Thato Semoko, from Maputsoe, Lesotho, has always had an interest in creating things – it's what informed his choice to study electrical and computer engineering at UCT.
Thato performed well at school academically and went on to complete his A-levels at Machabeng College – International School of Lesotho after he matriculated.
“When you have been introduced to education, you realise there should be something more done in society,” he says.
He has always been keen to further his studies and, after graduating from Machabeng, he applied at UCT for electrical and computer engineering.
“My eyes were set on studying in South Africa because back home we don't have any engineering programmes. My dream was to get the degree from a really good university,” he says.
He came across the MasterCard Foundation Scholarship Programme after a friend recommended that he apply. So he googled to find out as much about the programme as he could and then emailed the foundation for more information.
He found the essay section of the application particularly challenging.
“I couldn't beat around the bush – I only had 500 words to sell myself and my project, but I managed. It was a good experience,” he chuckles.
But he still wasn't confident with his application and was surprised when he received the congratulatory email to say that he had received the scholarship.
“I was really happy I got that email, because at that time I was struggling to even get decent scanning machines.” he says.
'It's a comprehensive scholarship'
Thato enjoys the fact that the scholarship allows scholars to focus on their studies. He says that he has never had to worry about money for stationery, excursions or extramural activities.
“It's you just focusing on your studies and trying to learn more about society so you can go back home and apply what you've learnt here and improve your community,” he says.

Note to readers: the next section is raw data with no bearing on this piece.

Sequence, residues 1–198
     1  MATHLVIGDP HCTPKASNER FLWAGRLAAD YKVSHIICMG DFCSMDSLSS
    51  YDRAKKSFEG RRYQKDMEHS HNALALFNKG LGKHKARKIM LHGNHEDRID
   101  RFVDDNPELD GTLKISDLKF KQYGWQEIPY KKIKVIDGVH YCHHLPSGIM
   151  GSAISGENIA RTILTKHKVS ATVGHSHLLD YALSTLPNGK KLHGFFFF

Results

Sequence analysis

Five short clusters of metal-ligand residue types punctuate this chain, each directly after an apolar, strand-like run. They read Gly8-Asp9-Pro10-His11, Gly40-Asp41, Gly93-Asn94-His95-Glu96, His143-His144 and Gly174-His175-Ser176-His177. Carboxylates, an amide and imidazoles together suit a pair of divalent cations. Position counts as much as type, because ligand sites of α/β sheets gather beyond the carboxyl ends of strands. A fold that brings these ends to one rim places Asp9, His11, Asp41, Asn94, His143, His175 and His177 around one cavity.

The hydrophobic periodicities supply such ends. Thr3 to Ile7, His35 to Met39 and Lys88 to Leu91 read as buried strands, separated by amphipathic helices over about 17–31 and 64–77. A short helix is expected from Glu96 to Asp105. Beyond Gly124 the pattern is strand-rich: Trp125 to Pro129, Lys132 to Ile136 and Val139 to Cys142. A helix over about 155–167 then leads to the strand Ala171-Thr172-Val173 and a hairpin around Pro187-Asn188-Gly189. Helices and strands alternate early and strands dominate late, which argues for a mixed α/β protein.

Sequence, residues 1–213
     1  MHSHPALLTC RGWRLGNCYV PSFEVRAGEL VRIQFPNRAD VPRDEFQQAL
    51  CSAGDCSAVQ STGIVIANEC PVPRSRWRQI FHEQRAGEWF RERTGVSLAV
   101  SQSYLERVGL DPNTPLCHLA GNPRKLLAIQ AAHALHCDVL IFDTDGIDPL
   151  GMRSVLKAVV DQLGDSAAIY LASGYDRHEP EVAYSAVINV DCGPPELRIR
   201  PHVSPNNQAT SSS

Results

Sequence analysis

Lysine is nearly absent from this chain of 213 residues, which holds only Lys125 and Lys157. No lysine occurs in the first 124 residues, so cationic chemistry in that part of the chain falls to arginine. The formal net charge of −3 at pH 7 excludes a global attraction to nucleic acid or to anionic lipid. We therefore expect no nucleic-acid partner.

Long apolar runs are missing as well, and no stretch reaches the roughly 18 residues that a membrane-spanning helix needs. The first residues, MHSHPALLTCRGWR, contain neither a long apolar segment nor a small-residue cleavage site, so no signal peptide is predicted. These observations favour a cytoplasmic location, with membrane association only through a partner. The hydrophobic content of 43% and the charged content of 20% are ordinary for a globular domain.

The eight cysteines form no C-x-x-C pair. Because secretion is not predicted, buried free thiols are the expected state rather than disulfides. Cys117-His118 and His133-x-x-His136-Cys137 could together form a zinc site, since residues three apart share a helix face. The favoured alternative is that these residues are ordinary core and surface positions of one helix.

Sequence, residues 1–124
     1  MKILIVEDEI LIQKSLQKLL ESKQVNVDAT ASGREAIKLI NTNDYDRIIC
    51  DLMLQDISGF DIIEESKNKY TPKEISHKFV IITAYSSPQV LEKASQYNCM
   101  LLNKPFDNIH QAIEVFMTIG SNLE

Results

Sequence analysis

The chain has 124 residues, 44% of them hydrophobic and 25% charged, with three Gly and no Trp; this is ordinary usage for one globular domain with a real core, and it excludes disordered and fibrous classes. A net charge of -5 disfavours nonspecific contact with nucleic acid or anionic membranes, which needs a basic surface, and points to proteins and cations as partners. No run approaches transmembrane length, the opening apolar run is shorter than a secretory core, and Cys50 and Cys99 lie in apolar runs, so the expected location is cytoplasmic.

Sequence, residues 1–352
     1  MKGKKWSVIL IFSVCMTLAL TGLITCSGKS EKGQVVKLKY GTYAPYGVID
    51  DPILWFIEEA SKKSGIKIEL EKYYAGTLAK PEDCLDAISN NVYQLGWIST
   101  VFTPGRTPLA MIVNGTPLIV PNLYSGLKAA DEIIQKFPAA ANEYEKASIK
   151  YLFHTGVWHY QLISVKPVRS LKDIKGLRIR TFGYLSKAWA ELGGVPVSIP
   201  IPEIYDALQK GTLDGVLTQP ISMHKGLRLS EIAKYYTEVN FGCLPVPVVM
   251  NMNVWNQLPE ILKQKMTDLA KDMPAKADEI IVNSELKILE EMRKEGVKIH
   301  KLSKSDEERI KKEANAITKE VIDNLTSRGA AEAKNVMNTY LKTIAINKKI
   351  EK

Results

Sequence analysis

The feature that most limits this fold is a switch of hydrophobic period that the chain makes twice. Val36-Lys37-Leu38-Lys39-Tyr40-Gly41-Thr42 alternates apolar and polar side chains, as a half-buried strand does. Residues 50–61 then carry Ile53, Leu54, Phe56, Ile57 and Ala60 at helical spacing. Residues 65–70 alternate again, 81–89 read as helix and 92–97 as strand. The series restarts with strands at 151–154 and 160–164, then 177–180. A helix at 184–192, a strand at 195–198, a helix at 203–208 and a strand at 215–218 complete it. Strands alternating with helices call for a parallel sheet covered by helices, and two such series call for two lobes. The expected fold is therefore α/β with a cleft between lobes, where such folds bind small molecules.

And he enjoys the exposure the scholarship has given him.
“We have mentors and they invite people from the corporate world to come engage with us and it's very transforming,” he explains.
“I feel like I was ignorant about so many things when I first came here. I was in my own space, and the programme has really helped me because it's diverse with students from all over Africa.”
At first he had difficulty with interacting with the different students, but he appreciates the personal development that the experience has afforded him.
“I was being exposed to so many different cultures, but gradually you develop that open mindedness which you definitely need in a diverse community,” he says.
This year he was one of the scholars selected to travel to the Baobab Summit in Ghana. The MasterCard Foundation scholarship holds the summit annually, allowing representatives from the different universities to come together for a week.
“We met people who work with the foundation. We had an opportunity to chat to them about our visions and projects after our presentations,” he says. “They were very supportive and it was lovely to network and have access to resources to assist us with starting our projects.”
One of his highlights was chatting to other scholars about their projects and ideas. Another high point was a presentation by Bernice Depaah, a Ghanaian entrepreneur who designs bicycles with bamboo.
“It's made a lot of change in her community and saved a lot of resources. And it's green, so that was inspiring. It's inspiring when people use what they have learnt to develop others,” he says.
'There's more that I can give'
Thato is currently in second year and hopes to graduate in 2018. Although he is still trying to map out his interests, he has a keen interest in telecommunications.
“I'd like to develop native networks in the country [Lesotho] because we don't have our own – we use MTN, Vodacom and Econet. That was my vision when I first started,” he explains. “But now education is also an interest of mine; I want to start with a community library in my home town.”
His passion comes from realising that the youth in Lesotho are not motivated to pursue their studies after matric.
“Many have seen others go to varsity in the country and not succeed, so they don't want to take that chance and be embarrassed,” he says. “It's not that they don't have the talent or work ethic – they go to work in factories at a very young age and survive on small salaries. So, for me, I see them as very strong people.”
His hope is that with the knowledge they get from the small library, the younger people will gradually develop a more inquisitive culture. In turn, he believes that this will lead them to put into practice what they have learned and help their communities.
“We tend to wait for other people for help, especially from people outside the country, but there is so much more we can offer ourselves,” he elaborates.
“But I feel like we will get there one day.”
Story Chido Mbambe. Photo Michael Hammond.
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